4. Daniel Nelson and Julian Sachs investigated the influence of salinity on hydrogen isotopic compostion in two algal lipids (dinosterol and brassicasterol) from a wide range of globally distributed lakes with different salinities. Results demonstrated that salinity is the dominant factor responsible for modulating the deuterium/protium ratio in biosynthesis of many algal lipids in saline and hypersaline environments. This finding can be used for quantitative reconstructions of salinity and lake water isotope changes in the past.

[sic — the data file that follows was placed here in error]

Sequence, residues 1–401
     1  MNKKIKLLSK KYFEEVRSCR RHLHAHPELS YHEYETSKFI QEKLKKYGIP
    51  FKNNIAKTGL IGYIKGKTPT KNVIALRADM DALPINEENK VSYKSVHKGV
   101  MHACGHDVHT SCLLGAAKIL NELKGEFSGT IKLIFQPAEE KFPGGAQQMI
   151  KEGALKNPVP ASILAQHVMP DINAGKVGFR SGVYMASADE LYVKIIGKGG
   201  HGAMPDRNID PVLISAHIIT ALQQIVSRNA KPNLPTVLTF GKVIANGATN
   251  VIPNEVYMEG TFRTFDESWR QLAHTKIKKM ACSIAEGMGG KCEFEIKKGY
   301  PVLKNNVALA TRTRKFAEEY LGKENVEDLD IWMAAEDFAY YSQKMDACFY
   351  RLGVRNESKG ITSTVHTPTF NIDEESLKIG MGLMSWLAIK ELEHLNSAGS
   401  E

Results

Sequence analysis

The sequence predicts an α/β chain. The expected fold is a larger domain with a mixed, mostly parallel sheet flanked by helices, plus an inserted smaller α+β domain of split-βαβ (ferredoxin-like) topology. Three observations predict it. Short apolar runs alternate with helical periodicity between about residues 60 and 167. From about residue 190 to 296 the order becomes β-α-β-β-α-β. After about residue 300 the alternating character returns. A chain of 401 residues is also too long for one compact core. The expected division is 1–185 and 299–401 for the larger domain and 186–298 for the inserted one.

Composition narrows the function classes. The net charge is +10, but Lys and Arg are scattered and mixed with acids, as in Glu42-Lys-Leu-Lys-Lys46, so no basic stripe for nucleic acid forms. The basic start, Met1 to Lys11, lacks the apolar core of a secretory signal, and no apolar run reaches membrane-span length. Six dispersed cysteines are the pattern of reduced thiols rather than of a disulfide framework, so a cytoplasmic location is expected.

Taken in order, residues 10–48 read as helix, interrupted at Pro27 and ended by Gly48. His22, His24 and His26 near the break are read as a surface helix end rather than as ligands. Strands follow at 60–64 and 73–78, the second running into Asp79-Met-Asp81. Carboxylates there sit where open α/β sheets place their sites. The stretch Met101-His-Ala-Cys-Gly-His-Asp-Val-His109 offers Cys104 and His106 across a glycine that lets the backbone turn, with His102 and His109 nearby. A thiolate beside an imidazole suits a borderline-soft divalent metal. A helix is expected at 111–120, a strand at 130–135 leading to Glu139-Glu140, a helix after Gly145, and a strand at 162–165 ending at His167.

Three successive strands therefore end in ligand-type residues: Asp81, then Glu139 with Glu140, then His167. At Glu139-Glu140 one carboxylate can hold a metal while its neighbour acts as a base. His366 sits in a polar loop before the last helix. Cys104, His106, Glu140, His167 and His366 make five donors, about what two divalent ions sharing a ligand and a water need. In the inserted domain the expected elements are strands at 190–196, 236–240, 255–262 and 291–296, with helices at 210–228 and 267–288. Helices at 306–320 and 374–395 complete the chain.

5. Wayne Wurtsbaugh and Erin F. Jones published the research where they link the complex stratification patterns of Great Salt Lake (USA), food web interactions and mercury bioaccumulation through the food web. An anoxic, sulfide-rich deep brine layer in the south arm of the Great Salt Lake accumulates high levels of total mercury and methylmercury. High mercury levels of brine shrimp (Artemia franciscana) in the mixed layer are passed to waterfowl, creating a human health hazard. Authors hypothesized that high mercury levels in Artemia are due to exposure when mercury is mixed into the upper layer or when they feed on mercury-rich organic matter in the chemocline separating the two layers. To test the hypothesis they conduct laboratory experiments with aquaria and chemically stratified tubes. In aquaria growth experiments with 0%, 10%, or 25% deep brine water, Artemia exposed to progressively higher concentrations of mercury had significantly less mercury. In column experiments simulating a lake with a deep brine layer, Artemia grazed in the chemocline, but they also had lower mercury concentrations than Artemia in controls without a deep brine layer. This was due to detrital dilution of the mercury because the deep brine layer has very high particulate organic carbon. Consequently, although Artemia are exposed to the high concentrations of methylmercury generated in the deep layer, the detrimental effect is partially ameliorated by detrital dilution of the mercury.